In an interview in Dharamsala, India, she told ICT that – like other released nuns and monks released from prison – she was not able to rejoin her nunnery after being in prison. “The authorities came to the nunnery to make sure I was not there, and so I didn’t go there otherwise other nuns would face trouble,” she said. A few months later, in February 1999, Palden Choedron was caught trying to escape from Tibet and was sentenced to three years at the Trisam Re-education Through Labor Center in the Tibet Autonomous Region.

The release of 34-year old Tibetan nun Phuntsog Nyidron to the United States and the care of ICT on March 15, 2006, marked the end of the imprisonment in Tibet for the “singing nuns.” Unusually, Phuntsog Nyidron was sent directly into exile in the West, following years of behind the scenes diplomacy. Most former political prisoners, like her comrade Palden Choedron, make the dangerous journey across the Himalayas into Nepal, usually then transiting to India.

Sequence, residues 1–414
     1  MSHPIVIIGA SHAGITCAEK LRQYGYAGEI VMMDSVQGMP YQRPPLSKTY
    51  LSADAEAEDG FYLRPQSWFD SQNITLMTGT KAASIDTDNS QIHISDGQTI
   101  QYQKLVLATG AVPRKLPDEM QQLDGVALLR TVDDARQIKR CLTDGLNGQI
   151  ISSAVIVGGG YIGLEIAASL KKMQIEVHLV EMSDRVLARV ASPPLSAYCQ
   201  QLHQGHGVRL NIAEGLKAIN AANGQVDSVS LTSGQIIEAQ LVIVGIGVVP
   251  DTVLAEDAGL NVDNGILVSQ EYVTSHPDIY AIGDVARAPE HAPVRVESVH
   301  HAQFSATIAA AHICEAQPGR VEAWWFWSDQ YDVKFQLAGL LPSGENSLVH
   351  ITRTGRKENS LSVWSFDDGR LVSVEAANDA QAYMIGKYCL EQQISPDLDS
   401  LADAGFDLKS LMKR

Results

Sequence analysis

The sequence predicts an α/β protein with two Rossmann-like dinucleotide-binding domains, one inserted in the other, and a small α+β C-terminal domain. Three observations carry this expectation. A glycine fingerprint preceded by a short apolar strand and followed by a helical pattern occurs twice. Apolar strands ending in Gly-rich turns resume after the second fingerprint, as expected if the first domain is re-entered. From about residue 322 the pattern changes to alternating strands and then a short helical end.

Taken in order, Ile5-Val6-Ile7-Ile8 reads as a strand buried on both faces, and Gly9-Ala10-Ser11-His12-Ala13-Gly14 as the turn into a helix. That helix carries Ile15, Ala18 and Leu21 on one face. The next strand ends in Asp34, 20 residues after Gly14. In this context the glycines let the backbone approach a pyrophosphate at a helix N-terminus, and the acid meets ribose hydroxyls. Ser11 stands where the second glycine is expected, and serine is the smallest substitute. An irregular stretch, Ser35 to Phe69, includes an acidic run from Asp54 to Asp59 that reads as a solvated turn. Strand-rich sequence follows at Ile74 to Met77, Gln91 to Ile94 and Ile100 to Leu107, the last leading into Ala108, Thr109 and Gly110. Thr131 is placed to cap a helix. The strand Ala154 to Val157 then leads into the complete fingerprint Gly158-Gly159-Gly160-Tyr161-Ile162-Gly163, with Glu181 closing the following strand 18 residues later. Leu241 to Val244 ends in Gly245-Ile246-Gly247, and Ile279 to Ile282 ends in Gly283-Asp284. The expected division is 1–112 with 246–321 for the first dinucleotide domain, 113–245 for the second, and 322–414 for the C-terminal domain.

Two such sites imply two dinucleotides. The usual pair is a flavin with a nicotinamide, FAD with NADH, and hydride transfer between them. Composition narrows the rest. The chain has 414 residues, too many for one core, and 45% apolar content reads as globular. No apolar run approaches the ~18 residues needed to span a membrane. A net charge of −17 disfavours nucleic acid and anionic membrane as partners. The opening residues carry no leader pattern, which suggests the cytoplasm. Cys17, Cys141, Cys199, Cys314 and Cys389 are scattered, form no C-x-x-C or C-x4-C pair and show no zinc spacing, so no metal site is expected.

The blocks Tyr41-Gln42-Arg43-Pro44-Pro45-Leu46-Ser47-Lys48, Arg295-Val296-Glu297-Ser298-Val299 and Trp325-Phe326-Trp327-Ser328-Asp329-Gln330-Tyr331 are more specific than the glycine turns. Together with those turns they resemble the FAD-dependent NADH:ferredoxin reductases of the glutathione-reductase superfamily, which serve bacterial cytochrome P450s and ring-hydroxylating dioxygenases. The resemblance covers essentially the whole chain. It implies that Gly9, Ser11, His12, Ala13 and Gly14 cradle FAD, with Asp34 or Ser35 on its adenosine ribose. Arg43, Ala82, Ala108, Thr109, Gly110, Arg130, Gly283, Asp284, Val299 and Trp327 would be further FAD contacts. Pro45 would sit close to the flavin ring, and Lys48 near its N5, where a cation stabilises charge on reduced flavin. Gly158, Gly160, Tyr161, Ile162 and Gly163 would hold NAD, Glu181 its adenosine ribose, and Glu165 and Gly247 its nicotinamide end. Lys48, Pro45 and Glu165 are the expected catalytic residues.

Phuntsog Nyidron, who served 15 years for peaceful protest and participating in the tape-recording of the songs, is now studying in Switzerland. Ngawang Sangdrol, who served 11 years of a total 21-year sentence, now lives in New York after she was also released to the United States. (ICT report, Phuntsog Nyidron, last of the ‘Drapchi singing nuns’, arrives in US). Two other “singing nuns,” Rigzin Choekyi, who served 12 years in prison, and Lhundrub Zangmo, who served nine years, arrived in Dharamsala in May, 2006 after escaping from Tibet into India through Nepal (ICT report, Two ‘singing nuns’ arrive in exile after escape from Tibet).

One of the 14, 28-year-old Ngawang Lochoe, died in Drapchi prison on 5 February 2001, just one year prior to completion of her 10-year prison sentence.